But Daniel Benjamin (Cornell University) raises an important point: ‘in some countries, parents force children into jobs even though the child would have higher wellbeing (both in terms of happiness and lifetime utility) by being in school’.
Perhaps this is why Esteban Calvo (Universidad Diego Portales) is of the opinion that, ‘Voluntary unemployment is preferable than a terribly bad job’. Of course it all depends on what we mean by a ‘bad job’: is a bad job one where the worker is exposed to occupational health and safety hazards? Or is a bad job one where workers are underpaid: for example, there is some initial evidence of systemic exploitation of migrant workers in Australia.
Wenceslao Unanue (Universidad Adolfo Ibáñez) recalls a recent article in The Independent by Peter Kinderman (President, British Psychological Society), Martin Pollecoff (Chair, UK Council for Psychotherapy) and Andrew Reeves (Chair, British Association for Counselling and Psychotherapy). They call on governments ‘to rethink the Jobcentre’s role from not only increasing employment, but also ensuring the quality of that employment, given that bad jobs can be more damaging to mental health than unemployment’.
- The World Wellbeing Panel on wellbeing and organisational structures is available here. The experts, their affiliations and their responses to the survey are here.
- The post gives the views of its author, not the position of LSE Business Review or the London School of Economics.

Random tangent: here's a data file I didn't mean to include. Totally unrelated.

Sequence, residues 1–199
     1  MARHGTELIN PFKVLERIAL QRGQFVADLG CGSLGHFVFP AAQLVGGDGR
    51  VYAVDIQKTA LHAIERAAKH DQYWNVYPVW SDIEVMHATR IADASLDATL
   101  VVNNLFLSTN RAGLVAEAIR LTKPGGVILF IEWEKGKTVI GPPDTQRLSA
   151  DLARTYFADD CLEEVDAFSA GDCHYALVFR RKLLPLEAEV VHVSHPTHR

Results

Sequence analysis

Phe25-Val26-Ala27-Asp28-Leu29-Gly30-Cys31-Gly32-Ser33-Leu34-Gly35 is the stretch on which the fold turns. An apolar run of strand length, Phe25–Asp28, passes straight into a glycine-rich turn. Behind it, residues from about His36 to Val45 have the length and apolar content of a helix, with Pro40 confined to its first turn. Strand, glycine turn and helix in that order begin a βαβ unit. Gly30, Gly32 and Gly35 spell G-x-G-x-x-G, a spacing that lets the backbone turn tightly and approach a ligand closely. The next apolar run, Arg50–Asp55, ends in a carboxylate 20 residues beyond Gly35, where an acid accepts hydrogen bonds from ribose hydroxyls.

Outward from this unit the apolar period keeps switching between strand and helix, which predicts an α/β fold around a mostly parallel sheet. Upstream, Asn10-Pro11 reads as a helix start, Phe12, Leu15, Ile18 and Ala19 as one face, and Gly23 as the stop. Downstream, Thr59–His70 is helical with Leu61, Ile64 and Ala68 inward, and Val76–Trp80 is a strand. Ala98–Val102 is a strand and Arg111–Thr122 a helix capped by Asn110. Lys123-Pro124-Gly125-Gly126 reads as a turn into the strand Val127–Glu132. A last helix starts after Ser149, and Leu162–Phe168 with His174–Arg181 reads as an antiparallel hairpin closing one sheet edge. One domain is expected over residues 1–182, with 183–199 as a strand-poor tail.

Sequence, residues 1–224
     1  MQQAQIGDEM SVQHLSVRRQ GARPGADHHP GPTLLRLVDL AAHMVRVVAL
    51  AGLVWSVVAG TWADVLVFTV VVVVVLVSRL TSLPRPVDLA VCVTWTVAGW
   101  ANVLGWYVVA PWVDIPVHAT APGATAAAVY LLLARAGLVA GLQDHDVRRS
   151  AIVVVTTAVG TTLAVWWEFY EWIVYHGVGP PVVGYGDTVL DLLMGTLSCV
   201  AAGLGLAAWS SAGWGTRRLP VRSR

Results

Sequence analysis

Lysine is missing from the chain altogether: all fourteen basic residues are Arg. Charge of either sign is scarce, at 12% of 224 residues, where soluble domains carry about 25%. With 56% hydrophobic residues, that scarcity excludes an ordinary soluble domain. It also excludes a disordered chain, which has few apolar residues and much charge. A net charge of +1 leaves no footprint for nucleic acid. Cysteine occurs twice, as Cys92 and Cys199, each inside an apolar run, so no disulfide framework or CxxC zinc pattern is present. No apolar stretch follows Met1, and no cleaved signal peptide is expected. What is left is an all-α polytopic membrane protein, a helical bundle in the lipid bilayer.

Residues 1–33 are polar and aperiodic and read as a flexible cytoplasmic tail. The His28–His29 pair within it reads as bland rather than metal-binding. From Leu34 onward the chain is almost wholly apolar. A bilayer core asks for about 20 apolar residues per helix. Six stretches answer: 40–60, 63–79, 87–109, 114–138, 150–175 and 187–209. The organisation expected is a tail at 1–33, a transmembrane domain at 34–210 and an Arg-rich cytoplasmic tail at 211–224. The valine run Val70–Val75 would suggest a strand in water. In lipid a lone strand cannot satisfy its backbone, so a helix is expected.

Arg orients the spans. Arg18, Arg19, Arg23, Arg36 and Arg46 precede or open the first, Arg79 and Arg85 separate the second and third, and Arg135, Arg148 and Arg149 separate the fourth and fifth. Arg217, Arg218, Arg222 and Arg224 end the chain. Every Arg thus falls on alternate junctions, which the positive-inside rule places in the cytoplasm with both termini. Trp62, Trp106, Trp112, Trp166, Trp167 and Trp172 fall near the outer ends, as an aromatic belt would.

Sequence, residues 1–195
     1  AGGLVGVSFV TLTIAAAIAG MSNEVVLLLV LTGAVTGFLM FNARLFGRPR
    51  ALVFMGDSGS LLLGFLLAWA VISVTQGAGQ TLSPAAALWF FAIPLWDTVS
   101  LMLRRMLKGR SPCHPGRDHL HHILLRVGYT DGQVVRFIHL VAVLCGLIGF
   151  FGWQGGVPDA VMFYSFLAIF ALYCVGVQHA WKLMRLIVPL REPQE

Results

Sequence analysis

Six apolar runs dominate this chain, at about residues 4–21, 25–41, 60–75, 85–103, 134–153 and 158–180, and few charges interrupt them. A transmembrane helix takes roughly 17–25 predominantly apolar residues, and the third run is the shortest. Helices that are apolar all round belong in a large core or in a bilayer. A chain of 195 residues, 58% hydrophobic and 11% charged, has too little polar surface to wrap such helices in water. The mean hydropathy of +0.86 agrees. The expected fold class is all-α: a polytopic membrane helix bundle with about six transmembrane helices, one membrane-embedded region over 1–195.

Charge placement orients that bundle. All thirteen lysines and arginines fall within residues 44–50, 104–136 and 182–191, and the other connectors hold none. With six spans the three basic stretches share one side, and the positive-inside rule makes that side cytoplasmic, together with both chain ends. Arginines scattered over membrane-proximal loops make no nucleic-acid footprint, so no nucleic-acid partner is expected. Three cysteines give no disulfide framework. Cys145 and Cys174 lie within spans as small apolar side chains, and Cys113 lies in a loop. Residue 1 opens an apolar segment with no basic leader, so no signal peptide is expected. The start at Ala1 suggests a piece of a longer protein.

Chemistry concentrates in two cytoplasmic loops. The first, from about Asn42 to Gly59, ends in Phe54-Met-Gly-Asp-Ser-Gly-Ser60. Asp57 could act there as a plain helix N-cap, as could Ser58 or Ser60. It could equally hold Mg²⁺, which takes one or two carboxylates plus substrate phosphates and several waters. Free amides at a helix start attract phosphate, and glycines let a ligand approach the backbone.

- Featured image credit: Photo by FORREST CAVALE on Unsplash
- When you leave a comment, you’re agreeing to our Comment Policy.
Tony Beatton is Honorary Professor at RMIT University’s Department of Economics, Finance and Marketing
Paul Frijters is Professorial Research Fellow of the Wellbeing Programme at LSE’s Centre for Economic Performance, taking over from Professor Richard Layard. Paul also heads the World Wellbeing Panel. He did his PhD on welfare and wellbeing in Russia, after a Masters in Econometrics. He has worked in a variety of roles on very different problems, such as urban-to-rural migration in China (where he headed a large international research program), corruption, applied econometrics, and wellbeing. He was voted ‘best economist under 40’ by the members of the Economic Society of Australia in 2009-2011. His works have been discussed in the New York Times, Washington Post, the BBC, etc.
Nattavudh (Nick) Powdthavee holds a joint position as a Professorial Research Fellow at the Melbourne Institute of Applied Economics and Social Research, University of Melbourne, and a Principal Research Fellow in the WellBeing research programme at the Centre for Economic Performance at the LSE. He obtained his PhD in Economics from the University of Warwick in 2006 and has held positions at the University of London, University of York, and Nanyang Technological University in Singapore. He is the author of the popular economics book The Happiness Equation: The Surprising Economics of Our Most Valuable Asset. Click here for his website.